Nuclear Energy

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Concerns about global warming and climate change have prompted the analysis of our energy sources and their environmental impact. Greenhouse gas emissions come from the combustion of nonrenewable resources such as coal, petroleum, and natural gas; and from landfills, agriculture, and certain industrial and waste management processes (U.S. EIA 2011). To address energy and climate concerns, the use of nonrenewable and renewable energy sources (hydropower, solar, wind, geothermal, biomass) is being analyzed. Interest in nuclear power has increased, with proposed government-backed loans to support the building of new plants (Wallsten and Yang 2011). In this month's column, nuclear energy will be examined.

Nuclear energy

The United States has 104 commercial nuclear power plants in 31 states, which produce 20% of the country's electricity. No nuclear plants have been built in the United States since 1996 (EPA 2010). Worldwide, more than 400 nuclear power plants produce 16% of the world's electricity (CASEnergy Coalition 2009).

Nuclear plants use uranium (uranium-238 and uranium-235) in the form of solid ceramic pellets packaged into long, vertical tubes (NEI 2011a). The pellets are bombarded with neutrons, causing the uranium atoms to split (fission) and release heat and neutrons. These neutrons collide with other uranium atoms and release additional heat and neutrons in a chain reaction. The heat is used to generate steam, which is used by a turbine to generate electricity (EPA 2010).

In 2003, U.S. uranium ore reserves were estimated at about 890 million pounds. The reserves are located primarily in New Mexico and Wyoming (EPA 2010). Canada and Australia account for 40% of global uranium production and the United States accounts for 3% (NEI 2011b).

All isotopes of uranium are radioactive; most have extremely long half-lives. A half-life is a measure of the time it takes for one half of the atoms of a particular radionuclide to disintegrate or decay into another nuclear form. Because radioactivity is a measure of the rate at which a radionuclide decays, the longer the half-life of a radionuclide, the less radioactive it is for a given mass. The half-life of uranium-238 is about 4.5 billion years (Argonne National Laboratory and U.S. DOE).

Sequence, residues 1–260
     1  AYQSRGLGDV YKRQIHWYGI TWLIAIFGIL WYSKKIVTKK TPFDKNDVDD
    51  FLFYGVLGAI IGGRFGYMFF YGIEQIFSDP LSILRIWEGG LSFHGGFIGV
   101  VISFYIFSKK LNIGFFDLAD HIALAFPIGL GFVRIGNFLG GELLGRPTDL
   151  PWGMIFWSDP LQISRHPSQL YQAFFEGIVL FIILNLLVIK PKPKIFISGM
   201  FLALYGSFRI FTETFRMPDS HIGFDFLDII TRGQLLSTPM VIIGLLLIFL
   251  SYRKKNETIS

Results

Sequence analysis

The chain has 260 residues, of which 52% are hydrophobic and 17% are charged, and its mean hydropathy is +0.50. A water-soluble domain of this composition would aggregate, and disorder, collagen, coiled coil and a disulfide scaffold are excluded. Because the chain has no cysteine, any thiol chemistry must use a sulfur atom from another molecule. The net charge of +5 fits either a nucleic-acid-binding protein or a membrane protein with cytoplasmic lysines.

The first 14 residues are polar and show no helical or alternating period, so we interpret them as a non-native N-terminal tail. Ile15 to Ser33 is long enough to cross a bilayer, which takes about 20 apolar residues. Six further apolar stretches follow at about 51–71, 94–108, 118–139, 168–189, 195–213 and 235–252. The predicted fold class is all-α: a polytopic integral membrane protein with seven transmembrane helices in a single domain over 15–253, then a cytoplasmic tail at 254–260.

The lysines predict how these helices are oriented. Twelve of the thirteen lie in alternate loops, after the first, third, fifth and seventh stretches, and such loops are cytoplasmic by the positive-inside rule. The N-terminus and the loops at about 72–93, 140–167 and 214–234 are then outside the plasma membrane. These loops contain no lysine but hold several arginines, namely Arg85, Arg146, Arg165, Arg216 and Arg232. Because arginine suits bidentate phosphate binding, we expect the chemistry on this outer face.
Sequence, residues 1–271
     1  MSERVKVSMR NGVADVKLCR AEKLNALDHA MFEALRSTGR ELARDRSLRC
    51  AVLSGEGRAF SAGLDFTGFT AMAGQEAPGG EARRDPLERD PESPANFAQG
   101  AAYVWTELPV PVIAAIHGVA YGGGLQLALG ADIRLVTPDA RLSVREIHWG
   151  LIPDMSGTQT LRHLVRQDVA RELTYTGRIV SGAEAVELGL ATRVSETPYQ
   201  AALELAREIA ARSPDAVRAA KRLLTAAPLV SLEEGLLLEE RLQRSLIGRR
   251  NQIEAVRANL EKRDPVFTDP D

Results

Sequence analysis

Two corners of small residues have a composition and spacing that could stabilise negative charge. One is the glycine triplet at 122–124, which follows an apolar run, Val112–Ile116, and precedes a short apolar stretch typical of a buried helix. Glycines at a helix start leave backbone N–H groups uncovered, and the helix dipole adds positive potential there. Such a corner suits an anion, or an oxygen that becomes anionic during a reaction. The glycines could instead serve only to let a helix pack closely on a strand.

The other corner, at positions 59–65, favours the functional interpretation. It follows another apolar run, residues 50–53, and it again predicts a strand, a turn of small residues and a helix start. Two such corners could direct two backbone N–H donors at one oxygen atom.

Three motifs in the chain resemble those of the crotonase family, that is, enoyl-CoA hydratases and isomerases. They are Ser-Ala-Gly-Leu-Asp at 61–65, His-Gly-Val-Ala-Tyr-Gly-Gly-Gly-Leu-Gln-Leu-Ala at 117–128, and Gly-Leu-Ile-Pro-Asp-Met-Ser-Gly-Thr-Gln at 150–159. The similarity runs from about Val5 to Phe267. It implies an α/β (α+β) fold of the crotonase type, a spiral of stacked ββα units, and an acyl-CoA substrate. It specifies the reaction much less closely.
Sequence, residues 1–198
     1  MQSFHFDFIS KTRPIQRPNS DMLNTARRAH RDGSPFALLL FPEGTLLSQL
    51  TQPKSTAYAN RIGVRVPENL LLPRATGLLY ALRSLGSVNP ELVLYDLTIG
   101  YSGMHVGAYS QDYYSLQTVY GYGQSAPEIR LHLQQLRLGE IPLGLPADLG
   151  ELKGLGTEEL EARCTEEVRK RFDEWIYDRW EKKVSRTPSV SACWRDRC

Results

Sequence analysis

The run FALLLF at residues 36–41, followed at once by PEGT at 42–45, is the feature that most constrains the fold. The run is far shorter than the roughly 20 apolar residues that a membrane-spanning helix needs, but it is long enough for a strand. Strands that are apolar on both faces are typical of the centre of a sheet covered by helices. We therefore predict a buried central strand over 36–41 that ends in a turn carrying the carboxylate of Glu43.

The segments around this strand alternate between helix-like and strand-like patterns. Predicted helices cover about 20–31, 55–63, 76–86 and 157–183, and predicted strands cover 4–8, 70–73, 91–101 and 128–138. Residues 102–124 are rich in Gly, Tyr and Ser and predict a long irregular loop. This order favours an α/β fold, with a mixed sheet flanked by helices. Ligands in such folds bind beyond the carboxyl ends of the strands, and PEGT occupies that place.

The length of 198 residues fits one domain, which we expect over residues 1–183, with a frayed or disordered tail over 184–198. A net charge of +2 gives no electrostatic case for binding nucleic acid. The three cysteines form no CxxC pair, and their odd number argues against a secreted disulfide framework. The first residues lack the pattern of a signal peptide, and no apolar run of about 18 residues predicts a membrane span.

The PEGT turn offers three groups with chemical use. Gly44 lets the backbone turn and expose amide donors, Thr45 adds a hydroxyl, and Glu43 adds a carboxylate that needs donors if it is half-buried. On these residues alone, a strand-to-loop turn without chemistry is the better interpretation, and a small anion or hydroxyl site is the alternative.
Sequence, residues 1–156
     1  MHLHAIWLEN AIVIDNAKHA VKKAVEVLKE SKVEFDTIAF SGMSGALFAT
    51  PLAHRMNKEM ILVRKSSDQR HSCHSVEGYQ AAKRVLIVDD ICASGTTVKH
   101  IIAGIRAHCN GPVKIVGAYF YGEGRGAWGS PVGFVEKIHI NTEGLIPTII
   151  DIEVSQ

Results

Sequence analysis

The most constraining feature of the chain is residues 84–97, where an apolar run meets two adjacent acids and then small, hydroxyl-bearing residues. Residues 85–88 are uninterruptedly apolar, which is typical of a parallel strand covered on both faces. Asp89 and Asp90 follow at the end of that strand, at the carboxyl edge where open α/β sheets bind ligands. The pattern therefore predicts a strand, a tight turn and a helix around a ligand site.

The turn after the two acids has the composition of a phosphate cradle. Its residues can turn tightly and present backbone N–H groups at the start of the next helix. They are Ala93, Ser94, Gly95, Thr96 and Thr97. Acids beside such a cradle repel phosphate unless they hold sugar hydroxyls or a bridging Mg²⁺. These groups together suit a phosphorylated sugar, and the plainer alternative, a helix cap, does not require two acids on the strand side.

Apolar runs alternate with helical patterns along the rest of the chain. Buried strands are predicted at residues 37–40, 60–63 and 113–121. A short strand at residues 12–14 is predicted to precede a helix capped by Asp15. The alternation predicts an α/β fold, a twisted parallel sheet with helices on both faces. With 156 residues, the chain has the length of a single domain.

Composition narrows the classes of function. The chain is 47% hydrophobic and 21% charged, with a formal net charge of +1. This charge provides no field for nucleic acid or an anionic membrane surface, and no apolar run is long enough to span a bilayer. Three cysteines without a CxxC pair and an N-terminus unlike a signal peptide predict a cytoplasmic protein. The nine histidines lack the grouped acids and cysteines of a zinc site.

Uranium conversion

Before it is used in a reactor, uranium must be converted from an ore to solid ceramic fuel pellets. The steps involved are mining and milling, conversion, enrichment, and fabrication.

Mining and milling: Miners use several techniques: surface (open pit) mining, underground mining, and in-situ recovery (an extraction method used to recover uranium from low-grade ores where other methods may be too disruptive or expensive) (NEI 2011b; U.S. NRC 2011a). Uranium is also a byproduct of other mineral processing operations. Solvents remove uranium from mined ore or in-situ leaching and the resulting uranium oxide, or yellowcake, undergoes filtering and drying.

Conversion: Yellowcake then goes to a conversion plant, where chemical processes convert it to uranium hexafluoride. The uranium hexafluoride is heated to become a gas and loaded into cylinders, where it cools and condenses into a solid.

Enrichment: Uranium hexafluoride consists of the isotopes uranium-235 (less than 1%) and uranimum-238. The amount of uranium-235 is increased to 3%-5% so that the uranium is usable as a fuel.

Fuel fabrication: After enrichment, a fuel fabricator converts the uranium hexafluoride into uranium dioxide powder and presses the powder into fuel pellets. The pellets are loaded into long tubes made of a noncorrosive metal. Once grouped together in a bundle, these tubes form a fuel assembly. The tubes are sealed in a reactor, which is sealed inside a containment structure (NEI 2011b).

FIGURE 1 Nuclear energy time line

* 1934: Physicist Enrico Fermi conducts experiments
in Rome showing that neutrons can split
many kinds of atoms. …